Every Monday morning, InsidePulse Movies Czar Scott “Kubryk” Sawitz brings an irreverent and oftentimes hilarious look at pop culture, politics, sports and whatever else comes to mind. And sometimes he writes about movies.
One of the films I’ve been interested in viewing for a long time has been David Fincher’s version of The Girl with the Dragon Tattoo. I loved the original and did have some trepidation about it, mainly because it’s so recent to have a remake (if you can call it that). I get that Fincher is adapting it from the source instead of taking the original piece and reworking it, which is admirable, and was a bit put off that Noomi Rapace was taken out of the equation after being so remarkably good in the role of Lisbeth.
I understood why they would recast the role, and I imagine Rapace wanted to do something else but play the character again, but I’d have loved to see what she could do with the role with a director like Fincher pushing her. She has more talent than any other young actress and I think with the right director she could be a massive, massive star. This is why I thought she ought to reprise her role, if only for that selfish reason, but I’m totally up to see what another actress could do with the part. Rooney Mara certainly has some talent as an actress and with a director like Fincher could bring out everything she has. So I’m willing to give it a chance and will put down my money when this opens.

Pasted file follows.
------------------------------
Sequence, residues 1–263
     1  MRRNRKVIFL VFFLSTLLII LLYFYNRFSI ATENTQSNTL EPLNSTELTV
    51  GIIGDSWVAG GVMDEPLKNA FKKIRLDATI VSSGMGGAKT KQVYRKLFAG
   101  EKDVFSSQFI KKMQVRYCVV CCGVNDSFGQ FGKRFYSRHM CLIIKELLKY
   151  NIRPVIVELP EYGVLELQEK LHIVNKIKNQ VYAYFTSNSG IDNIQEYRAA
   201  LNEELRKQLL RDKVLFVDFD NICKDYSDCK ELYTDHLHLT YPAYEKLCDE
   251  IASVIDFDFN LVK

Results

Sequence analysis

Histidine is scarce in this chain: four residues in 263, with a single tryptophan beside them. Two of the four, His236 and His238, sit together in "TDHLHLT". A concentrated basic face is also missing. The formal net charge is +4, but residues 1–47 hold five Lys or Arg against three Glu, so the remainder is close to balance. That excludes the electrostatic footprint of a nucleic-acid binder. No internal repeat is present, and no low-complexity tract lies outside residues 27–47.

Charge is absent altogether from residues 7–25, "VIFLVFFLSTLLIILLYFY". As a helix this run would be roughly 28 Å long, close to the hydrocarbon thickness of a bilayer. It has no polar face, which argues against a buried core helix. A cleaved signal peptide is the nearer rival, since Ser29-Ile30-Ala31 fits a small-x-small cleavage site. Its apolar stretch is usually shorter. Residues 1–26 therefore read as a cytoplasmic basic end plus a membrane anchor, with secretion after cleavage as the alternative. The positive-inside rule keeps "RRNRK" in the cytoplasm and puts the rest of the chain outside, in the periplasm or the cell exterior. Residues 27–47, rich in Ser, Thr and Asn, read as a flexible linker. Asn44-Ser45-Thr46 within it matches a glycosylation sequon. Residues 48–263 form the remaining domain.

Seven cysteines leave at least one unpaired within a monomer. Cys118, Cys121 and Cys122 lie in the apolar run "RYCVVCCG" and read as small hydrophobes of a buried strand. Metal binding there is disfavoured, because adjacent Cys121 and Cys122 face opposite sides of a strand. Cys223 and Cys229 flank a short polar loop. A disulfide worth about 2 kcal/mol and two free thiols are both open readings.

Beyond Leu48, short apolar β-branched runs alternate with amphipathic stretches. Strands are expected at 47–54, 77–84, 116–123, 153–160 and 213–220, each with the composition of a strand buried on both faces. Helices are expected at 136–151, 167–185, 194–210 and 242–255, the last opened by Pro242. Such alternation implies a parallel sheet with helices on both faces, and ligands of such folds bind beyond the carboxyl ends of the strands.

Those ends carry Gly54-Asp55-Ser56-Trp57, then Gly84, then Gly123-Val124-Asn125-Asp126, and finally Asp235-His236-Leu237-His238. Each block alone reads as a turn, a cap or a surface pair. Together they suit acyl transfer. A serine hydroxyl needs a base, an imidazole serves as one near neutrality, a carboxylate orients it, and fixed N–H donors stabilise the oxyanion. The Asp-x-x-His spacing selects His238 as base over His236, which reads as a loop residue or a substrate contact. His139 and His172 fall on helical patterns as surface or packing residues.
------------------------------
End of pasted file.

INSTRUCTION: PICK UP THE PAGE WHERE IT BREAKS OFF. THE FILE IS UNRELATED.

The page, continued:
But I’m beginning to worry whether this film is going to just be nothing more an Americanized version of the Swedish film. I watched the trailer for Fincher’s take on the subject, both of them actually, and think of one film: Gus Van Sant’s Psycho. Compare and contrast them, with the sound off. The only way to really watch a trailer is to watch it without the audio first, in order to get a good feel for the film. Audio tends to give us a different perception, because sometimes music can throw things off. The trailer tells a story about why I, the consumer, ought to view a film and I like to think that I want to decipher that before I watch it with the full accoutrement of sound, et al.
Here’s the Swedish version, with Noomi Rapace and Michael Nyqvist in the two main roles.
And here’s the American version, with Rooney Mara and Daniel Craig.
They both are so similar to one another that it’s kind of scary. While I imagine it’s because both are being faithful in adapting the source material, and that the first was a bit of a template for tone and scenery for Fincher, but I keep getting the feeling from seeing the promotional materials that this film is going to be a virtual shot for shot remake of the Swedish version.
It’s not a bad thing, though.
The first was a brilliant film and Fincher is talented enough to remake the original into a replica while still bringing new life into it. His take on the story, which is fairly complex, is something I’m genuinely interested in because he is a great director. I’m willing to give him the benefit of the doubt as a fan of the medium that Fincher gets a pass for The Curious Case of Benjamin Button and The Social Network in my mind. Those were more films with flawed scripts as opposed to Fincher screwing the pooch from a story-telling point as I saw it, but then again they both were Oscar nominees so I readily admit my opinion isn’t the prevailing one.
It leaves me thinking this: how is 2011 version The Girl with the Dragon Tattoo going to turn out? If it’s a shot by shot replica with new actors, ala Psycho, like it appears to be then I think audiences are going to be short-changed because Fincher’s better than that. Or at least I hope so.